North Dakota Legislature: Bills on conceal carry, mail-in ballots, agriculture filtering through

Photo by: North Dakota Legislative Branch
Photo by: North Dakota Legislative Branch

(Bismarck, ND) -- It's shaping up to be an eventful week in Bismarck with more bills with serious implications on the people of North Dakota being discussed.

Nearly a half dozen bills are being considered by the Legislature that would strengthen concealed carry laws.

Among the proposals are bills that would allow people to carry guns in bars, in federal facilities, and at the State Capitol. Bills have also been proposed that would allow students to carry weapons on college campuses and honorably discharged veterans to carry concealed guns in schools, churches, and public buildings. Opponents say the bills would increase the likelihood of a violent incident.

Lawmakers are also considering a bill to eliminate mail-in ballots.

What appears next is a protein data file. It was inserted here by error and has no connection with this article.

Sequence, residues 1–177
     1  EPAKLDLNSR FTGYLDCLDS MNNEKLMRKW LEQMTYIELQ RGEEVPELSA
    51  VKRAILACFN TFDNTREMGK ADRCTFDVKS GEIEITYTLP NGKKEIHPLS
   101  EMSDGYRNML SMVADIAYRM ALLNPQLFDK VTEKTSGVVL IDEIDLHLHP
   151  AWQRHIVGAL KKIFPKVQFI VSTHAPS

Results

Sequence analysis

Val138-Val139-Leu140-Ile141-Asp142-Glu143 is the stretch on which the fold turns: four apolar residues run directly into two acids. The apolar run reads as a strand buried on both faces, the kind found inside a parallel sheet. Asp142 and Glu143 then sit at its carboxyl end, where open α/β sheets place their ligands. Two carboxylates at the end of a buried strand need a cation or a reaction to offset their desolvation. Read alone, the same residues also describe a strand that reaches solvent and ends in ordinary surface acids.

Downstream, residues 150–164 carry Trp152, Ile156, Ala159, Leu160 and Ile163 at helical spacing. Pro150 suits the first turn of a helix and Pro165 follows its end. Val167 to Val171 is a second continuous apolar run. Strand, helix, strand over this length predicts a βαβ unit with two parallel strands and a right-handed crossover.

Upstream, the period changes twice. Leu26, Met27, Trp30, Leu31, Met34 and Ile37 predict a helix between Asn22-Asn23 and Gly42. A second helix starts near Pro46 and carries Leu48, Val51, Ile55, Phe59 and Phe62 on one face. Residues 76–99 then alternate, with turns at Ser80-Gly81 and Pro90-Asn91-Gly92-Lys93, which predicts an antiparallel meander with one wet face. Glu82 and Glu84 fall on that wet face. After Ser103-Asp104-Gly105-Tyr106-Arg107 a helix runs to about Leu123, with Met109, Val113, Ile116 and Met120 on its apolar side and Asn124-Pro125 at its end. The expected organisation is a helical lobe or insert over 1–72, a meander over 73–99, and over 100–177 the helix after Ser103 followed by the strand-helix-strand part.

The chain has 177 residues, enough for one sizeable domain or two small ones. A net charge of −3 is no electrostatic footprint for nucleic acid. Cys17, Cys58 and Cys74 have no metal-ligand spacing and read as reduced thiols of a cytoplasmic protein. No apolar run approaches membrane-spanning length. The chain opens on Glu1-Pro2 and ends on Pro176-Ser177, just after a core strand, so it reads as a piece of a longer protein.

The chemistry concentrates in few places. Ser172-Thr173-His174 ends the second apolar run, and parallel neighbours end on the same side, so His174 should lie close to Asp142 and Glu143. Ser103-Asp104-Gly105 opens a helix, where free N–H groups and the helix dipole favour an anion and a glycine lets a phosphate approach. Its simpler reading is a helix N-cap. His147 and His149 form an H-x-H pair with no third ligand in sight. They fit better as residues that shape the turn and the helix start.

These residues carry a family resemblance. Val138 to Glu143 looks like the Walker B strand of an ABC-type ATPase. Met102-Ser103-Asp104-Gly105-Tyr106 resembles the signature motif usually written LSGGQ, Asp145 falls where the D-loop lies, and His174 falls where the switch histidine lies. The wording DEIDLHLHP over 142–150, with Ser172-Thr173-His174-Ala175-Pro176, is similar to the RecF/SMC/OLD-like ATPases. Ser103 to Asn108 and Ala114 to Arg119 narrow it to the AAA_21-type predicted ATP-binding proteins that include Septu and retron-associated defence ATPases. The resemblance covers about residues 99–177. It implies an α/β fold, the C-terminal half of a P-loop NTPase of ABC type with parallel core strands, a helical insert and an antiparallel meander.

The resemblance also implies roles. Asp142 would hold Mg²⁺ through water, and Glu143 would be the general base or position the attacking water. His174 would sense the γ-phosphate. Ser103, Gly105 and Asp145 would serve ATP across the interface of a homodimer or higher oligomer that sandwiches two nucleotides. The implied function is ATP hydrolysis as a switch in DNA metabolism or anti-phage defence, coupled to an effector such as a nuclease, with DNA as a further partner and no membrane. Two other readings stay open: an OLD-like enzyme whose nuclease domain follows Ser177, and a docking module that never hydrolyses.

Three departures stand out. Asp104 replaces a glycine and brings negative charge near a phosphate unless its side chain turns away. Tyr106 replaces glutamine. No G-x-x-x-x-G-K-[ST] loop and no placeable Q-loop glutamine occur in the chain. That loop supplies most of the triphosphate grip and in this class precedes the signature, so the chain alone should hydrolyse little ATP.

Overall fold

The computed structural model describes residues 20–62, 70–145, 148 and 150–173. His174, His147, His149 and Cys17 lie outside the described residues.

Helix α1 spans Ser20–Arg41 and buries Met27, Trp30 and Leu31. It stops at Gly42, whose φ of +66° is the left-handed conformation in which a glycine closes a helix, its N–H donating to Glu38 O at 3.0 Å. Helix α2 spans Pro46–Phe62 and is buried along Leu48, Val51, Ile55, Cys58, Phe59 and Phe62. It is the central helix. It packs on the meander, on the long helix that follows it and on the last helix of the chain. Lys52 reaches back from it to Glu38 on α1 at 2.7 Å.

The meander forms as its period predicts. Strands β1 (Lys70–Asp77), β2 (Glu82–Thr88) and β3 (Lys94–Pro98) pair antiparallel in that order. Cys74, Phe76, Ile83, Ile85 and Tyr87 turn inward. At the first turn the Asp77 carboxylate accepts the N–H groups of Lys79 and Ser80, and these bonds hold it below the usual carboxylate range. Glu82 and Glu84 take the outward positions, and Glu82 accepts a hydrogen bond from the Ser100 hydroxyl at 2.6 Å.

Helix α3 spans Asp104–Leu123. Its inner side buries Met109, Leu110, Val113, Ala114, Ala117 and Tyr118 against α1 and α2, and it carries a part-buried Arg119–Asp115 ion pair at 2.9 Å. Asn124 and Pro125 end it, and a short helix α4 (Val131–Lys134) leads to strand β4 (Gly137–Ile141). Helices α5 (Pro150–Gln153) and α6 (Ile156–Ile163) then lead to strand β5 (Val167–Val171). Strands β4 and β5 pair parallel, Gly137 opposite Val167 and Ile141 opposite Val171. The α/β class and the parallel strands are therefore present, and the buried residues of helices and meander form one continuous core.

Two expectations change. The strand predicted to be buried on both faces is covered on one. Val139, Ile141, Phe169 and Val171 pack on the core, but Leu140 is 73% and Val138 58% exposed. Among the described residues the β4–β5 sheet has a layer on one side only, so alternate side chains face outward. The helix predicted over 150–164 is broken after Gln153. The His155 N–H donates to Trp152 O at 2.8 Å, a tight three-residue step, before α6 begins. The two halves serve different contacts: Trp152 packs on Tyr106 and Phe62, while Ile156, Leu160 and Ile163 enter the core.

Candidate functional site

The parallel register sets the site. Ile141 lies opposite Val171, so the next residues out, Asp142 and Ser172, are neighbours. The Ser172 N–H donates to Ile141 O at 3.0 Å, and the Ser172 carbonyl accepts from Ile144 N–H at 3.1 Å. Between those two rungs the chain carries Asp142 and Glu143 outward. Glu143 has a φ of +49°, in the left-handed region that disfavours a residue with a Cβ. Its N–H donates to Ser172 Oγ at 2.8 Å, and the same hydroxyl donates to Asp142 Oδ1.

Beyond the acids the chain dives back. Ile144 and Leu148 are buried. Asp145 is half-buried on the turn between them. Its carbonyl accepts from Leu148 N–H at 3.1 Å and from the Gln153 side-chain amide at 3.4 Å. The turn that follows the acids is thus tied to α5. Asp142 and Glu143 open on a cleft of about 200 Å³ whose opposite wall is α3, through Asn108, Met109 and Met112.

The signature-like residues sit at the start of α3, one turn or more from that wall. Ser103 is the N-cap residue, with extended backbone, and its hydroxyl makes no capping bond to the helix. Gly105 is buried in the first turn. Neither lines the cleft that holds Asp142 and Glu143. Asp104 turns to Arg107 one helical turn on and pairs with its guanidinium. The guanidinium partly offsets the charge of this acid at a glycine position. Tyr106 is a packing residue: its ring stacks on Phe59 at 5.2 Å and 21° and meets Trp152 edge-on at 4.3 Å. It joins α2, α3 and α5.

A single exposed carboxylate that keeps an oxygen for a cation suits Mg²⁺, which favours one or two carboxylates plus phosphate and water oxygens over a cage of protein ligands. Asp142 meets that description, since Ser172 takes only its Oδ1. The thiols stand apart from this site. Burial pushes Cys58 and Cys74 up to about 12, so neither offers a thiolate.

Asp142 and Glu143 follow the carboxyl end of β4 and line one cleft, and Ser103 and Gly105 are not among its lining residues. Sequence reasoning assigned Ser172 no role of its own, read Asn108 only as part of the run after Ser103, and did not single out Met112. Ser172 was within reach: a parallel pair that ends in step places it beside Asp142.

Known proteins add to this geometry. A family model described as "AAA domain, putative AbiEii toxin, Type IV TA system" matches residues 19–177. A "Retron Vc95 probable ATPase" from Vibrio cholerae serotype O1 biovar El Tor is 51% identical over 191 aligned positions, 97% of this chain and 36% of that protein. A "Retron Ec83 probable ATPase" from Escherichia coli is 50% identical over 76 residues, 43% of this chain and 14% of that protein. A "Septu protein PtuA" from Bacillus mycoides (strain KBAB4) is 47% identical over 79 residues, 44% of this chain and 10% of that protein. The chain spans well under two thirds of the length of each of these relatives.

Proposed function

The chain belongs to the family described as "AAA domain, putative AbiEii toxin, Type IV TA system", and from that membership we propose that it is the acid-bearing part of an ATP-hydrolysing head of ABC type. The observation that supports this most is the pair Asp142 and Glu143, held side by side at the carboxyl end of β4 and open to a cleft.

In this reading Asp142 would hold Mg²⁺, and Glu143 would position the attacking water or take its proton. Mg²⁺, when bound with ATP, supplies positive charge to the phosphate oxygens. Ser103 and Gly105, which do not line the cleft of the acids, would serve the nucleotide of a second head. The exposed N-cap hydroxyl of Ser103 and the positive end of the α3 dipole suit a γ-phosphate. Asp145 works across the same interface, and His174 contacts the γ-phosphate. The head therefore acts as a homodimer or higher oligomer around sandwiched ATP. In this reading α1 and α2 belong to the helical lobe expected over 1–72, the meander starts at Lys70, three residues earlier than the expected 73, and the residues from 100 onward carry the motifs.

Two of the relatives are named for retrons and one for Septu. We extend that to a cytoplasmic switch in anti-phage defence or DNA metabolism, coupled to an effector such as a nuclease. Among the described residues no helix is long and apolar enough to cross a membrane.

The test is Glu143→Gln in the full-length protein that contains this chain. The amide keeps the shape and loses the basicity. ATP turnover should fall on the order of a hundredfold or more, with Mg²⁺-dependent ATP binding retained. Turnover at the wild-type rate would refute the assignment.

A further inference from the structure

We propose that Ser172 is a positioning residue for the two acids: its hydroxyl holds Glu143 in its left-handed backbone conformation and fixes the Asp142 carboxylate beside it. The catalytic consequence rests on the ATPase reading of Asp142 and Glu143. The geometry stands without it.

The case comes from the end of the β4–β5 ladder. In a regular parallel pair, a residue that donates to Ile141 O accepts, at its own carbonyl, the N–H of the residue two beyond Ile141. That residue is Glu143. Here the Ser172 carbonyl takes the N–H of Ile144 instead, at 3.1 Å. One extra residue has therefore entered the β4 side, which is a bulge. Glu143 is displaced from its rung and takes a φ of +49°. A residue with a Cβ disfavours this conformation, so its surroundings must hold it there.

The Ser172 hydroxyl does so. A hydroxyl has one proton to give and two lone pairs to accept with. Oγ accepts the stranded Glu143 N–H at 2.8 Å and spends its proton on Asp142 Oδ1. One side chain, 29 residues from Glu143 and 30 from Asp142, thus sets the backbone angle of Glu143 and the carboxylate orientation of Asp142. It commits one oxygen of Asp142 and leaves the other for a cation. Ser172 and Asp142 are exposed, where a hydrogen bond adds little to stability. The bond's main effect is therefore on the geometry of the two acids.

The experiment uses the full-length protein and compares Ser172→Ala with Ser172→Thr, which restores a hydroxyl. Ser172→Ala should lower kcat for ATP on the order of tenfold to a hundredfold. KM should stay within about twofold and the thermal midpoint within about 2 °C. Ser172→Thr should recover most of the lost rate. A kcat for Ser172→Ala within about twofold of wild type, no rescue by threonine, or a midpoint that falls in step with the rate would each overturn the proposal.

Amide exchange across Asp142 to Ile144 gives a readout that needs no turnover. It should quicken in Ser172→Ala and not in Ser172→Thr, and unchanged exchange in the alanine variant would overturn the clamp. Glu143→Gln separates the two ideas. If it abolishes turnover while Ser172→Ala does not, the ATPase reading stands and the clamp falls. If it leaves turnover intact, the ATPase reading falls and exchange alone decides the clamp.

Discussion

Senator Jeff Magrum is sponsoring the bill and says mail-in voting increases election costs for counties. Magrum also says they create more opportunities for voter fraud. Opponents say the State Auditor determined in 2022 that North Dakota's election systems are "incredibly secure." More than half of North Dakotans have used mail-in ballots in the last two elections.

A new process is being proposed for the selection of board members for the North Dakota Beef Commission.

Lawmakers are considering a bill that would allow people to apply for recommendation to the governor for a spot on the commission. The bill would require the commission to publish notification of openings in every county's newspaper. Appointments to the commission are made by the governor.

And a newly introduced bill would change North Dakota laws related to farm ownership.

The House bill would allow non-related entities to co-own a farming or ranching operation. The bill opens the door to corporate farming in North Dakota. Laws preventing corporate farming date back 90 years in the state.